The first big surprise of 2022 is an Apple TV+ dystopia about the intrusion of work into our lives

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There is something in this fascinating mildly dystopian series of Apple TV + reminiscent of science fiction proposals with a metaphorical component. I’m thinking about films (with a very different tone and aesthetic than this ‘Separation’) such as ‘They are alive’, ‘Society’ or the most recent ‘Let me out’. Proposals that use the springs of science fiction to propose metaphors as obvious and direct as a punch, and that must be interpreted, in a certain sense, literally.

Alien invasions in which direct orders are sent to us such as “Consume” or “Obey”, rich people who absorb the humblest classes -also physically-, whites who transplant their brains into healthy black bodies… the metaphor appears naked before us and we do not have to do a sophisticated exercise of interpretation, because the proposal is so wild that its very formulation carries the message implicitly. Something like this happens in ‘Separation’, of which Apple TV + has released its first three chapters.

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What we have here is a company dedicated to organizing mysterious data whose meaning we do not know but which is of such importance that forces your employees to have a surgical intervention that makes them forget their life outside the office, and vice versa. In other words, outside of work, employees do not know what they do during office hours, and once they enter the facilities, they do not remember anything about their life outside.

The metaphor is so pure that it does not require much clarification: ‘Separation’ speaks of how our often dehumanizing jobs force us to nullify ourselves as people and consecrate ourselves to work. The workers of ‘Separation’, at least mentally, only have the work in their heads, since they do not remember their private lives. They are perfect machines for continuous labor movement.

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This proposal fits like a glove in the peculiar aesthetics that the series possesses, which for the most part has been directed by Ben Stiller (who is not really here very far in spirit from his interests as a satirical comic, that of films like ‘ A madman at home’ or ‘Zoolander’). The style vintage of the offices, clean and almost disinfected, is the perfect environment for falsely human treatment that is given to its employees, both cold and eerily close (those awards for achieving goals that seem literally designed by robots).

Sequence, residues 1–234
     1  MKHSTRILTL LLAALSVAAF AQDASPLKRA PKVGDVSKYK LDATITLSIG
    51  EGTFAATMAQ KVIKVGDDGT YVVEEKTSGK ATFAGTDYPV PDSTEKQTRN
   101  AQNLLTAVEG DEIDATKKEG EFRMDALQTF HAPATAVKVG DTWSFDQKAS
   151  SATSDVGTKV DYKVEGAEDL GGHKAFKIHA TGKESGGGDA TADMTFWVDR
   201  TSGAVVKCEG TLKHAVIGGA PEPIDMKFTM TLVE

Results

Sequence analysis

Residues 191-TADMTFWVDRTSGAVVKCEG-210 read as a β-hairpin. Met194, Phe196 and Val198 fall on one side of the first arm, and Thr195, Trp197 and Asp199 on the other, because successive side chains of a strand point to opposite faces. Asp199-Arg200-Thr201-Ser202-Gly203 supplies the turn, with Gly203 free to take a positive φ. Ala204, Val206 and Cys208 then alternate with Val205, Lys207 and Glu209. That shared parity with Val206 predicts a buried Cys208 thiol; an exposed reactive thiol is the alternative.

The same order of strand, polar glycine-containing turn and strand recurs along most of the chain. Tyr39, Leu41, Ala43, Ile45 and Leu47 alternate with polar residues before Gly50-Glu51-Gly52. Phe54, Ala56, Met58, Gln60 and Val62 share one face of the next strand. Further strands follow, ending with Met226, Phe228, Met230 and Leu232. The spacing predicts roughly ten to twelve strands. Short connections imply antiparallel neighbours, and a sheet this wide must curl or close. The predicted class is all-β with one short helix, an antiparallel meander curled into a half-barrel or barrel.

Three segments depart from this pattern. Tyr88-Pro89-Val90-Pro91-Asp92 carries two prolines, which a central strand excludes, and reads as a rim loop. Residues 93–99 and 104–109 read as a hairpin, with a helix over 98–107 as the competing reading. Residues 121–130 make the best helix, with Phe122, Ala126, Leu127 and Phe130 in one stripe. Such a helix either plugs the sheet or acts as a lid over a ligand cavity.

‘Separation’ (which, by the way, coincides in its original title -‘Severance’- with an ultragore satire of life in the offices that we met here with the title of ‘Dismembered’) has countless malicious details that bring it closer to masterful comedies with life at work in the background. It is inevitable to find parallels with certain characters from ‘The Office’ or with that devastating ‘Trash Work’ and its epic demolition of consensual slavery from 8 to 5.

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And all this playing generic sticks that go from the mysterious confusion of series “with enigma” -with that start that shows us one of the protagonists waking up without remembering anything on a table in a meeting room- to the visually sophisticated dystopia in everything that concerns the facilities where the work takes place. From the parking lot with dozens of cars perfectly lined up to the endless and labyrinthine corridors, passing through the application of ordering “scary” numbers that office workers handle, everything is aimed at portraying a bleak and inhumane job.

It is impossible to determine where the shots will go in future episodes of ‘Separation’. The story can take a total turn towards the fantastic (invasion of artificial intelligences or extraterrestrials, delving into the disconcerting possibilities of a split mind ‘Legion’ style) or stay in the uncomfortable margins of labor satire with hints of science fiction. In any case, this Apple TV + series is already one of the essential finds of 2022.

There is something in this fascinating mildly dystopian series of Apple TV + reminiscent of science fiction proposals with a…

There is something in this fascinating mildly dystopian series of Apple TV + reminiscent of science fiction proposals with a…

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